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Original research
Management of patients with acute ST-segment elevation myocardial infarction in Russian hospitals adheres to international guidelines
  1. Anna V Kontsevaya1,
  2. Katie Bates2,3,
  3. Henrik Schirmer4,
  4. Natalia Bobrova5,
  5. David Leon5 and
  6. Martin McKee3
  1. 1Department of Non-Communicable Disease Epidemiology, National Research Centre for Preventive Medicine, Moscow, Russian Federation
  2. 2Department of Medical Statistics, Informatics and Health Economics, Medical University Innsbruck, Innsbruck, Austria
  3. 3Department of Health Services Research and Policy, London School of Hygiene and Tropical Medicine, London, United Kingdom
  4. 4Division of Medicine and Laboratory Sciences, Institute of Clinical Medicine, The Arctic University of Norway UiT, Tromsø, Troms, Norway
  5. 5Department of Non-communicable Disease Epidemiology, London School of Hygiene and Tropical Medicine, London, UK
  1. Correspondence to Dr Katie Bates, Department of Medical Statistics, Informatics and Health Economics, Medical University Innsbruck, Innsbruck, Austria; katie.bates{at}i-med.ac.at

Abstract

Objective Russia has one of the highest cardiovascular mortality rates. Modernisation of the Russian health system has been accompanied by a substantial increase in uptake of percutaneous coronary intervention (PCI), which substantially reduces the risk of mortality in patients with acute ST-elevation myocardial infarction (STEMI). This paper aims to describe contemporary Hospital treatment of acute STEMI among patients in a range of hospitals in the Russian Federation.

Methods This study used data from a prospective observational cohort of 1128 suspected patients with myocardial infarction recruited in both PCI and non-PCI hospitals across 13 regions and multiple levels of the health system in Russia. The primary objective was to examine the use of reperfusion strategies in patients with STEMI.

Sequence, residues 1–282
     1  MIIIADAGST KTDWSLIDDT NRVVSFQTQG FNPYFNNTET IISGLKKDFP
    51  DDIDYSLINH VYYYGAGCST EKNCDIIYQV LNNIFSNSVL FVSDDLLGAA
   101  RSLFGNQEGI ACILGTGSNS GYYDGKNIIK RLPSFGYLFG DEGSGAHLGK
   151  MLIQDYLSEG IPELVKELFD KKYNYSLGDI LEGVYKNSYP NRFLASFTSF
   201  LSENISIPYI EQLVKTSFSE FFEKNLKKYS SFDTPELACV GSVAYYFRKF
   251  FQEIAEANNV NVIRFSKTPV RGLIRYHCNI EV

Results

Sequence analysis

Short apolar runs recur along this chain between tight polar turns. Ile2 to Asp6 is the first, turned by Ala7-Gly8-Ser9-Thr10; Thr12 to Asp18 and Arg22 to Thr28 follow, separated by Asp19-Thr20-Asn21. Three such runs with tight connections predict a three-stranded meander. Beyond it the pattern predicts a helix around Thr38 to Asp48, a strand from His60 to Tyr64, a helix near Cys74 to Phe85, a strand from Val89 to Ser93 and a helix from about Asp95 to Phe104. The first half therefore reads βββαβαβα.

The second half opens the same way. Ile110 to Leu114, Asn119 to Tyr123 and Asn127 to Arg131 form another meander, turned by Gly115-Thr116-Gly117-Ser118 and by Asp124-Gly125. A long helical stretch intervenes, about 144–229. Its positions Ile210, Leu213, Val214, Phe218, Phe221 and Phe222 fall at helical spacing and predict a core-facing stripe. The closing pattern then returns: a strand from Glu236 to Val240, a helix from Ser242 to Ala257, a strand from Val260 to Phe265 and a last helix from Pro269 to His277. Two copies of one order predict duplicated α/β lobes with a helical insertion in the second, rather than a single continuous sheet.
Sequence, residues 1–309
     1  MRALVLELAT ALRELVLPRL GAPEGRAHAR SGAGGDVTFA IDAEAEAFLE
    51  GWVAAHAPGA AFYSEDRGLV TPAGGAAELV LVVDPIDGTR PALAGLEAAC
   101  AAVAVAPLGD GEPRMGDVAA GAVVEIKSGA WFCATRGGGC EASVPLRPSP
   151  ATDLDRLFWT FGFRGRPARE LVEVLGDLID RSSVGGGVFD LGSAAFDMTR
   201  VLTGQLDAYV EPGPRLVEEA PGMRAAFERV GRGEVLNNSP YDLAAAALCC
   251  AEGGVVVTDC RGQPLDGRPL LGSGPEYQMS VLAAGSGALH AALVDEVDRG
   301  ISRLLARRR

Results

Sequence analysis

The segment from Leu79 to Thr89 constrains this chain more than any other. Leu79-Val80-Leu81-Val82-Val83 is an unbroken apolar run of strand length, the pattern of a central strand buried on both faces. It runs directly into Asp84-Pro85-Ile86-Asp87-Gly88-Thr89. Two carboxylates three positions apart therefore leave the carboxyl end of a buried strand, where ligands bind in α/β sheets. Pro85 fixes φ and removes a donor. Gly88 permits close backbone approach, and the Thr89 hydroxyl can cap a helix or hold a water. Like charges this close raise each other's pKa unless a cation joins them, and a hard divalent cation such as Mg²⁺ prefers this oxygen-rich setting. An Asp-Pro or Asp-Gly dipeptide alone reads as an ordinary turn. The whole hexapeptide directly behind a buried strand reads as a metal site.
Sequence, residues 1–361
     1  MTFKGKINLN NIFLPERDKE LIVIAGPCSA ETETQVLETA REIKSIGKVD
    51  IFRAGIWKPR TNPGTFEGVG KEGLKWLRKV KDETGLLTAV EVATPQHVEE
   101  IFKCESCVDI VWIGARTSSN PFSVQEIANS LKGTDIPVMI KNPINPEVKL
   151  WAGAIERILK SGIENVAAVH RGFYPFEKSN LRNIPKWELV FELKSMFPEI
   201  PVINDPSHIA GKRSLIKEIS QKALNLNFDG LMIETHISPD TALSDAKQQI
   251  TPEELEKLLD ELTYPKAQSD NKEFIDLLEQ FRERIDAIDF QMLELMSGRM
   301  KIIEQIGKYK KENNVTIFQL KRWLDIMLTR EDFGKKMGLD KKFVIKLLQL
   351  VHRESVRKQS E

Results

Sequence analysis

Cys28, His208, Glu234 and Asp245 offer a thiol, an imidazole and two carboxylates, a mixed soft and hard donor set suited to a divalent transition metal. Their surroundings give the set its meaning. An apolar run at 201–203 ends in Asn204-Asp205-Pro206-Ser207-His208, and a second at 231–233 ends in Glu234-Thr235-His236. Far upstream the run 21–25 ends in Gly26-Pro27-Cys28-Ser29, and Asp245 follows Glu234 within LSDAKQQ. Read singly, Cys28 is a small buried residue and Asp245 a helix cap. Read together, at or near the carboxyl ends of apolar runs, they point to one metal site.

Results Among patients reaching PCI centres within 12 hours of symptom onset, the vast majority received angiography and PCI, regardless of age, sex and comorbidity, in line with current European Society of Cardiology guidelines.

Conclusion Patients reaching Russian hospitals are very likely to receive appropriate treatment, although performance varies. The best hospitals can serve as beacons of good practice as PCI facilities continue to expand across Russia where geography allows.

  • primary PCI
  • STEMI
  • public health
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Footnotes

  • Contributors The study was conducted and designed by DL, MM, AVK, HS, KB and NB. Data Collection was overseen by NB, AK, KB, MM and DL. KB and NB prepared the data for analysis. KB conducted the data analysis and prepared the first draft. Interpretation of results were performed by MM, HS, DL, KB and AK. All authors were involved in critical revisions of the article and all authors approved the final version to be published.

  • Funding This work was supported by the Wellcome Trust, as part of the International Project on Cardiovascular Disease in Russia (IPCDR) [100217]; the Norwegian Ministry of Health; the Norwegian Institute of Public Health; and UiT, The Arctic University of Norway.

  • Disclaimer The funders had no role in study design, data collection and analysis, decision to publish, or preparation of the manuscript.

  • Competing interests None declared.

  • Patient consent for publication Not required.

  • Provenance and peer review Not commissioned; externally peer reviewed.

  • Data availability statement No data are available.

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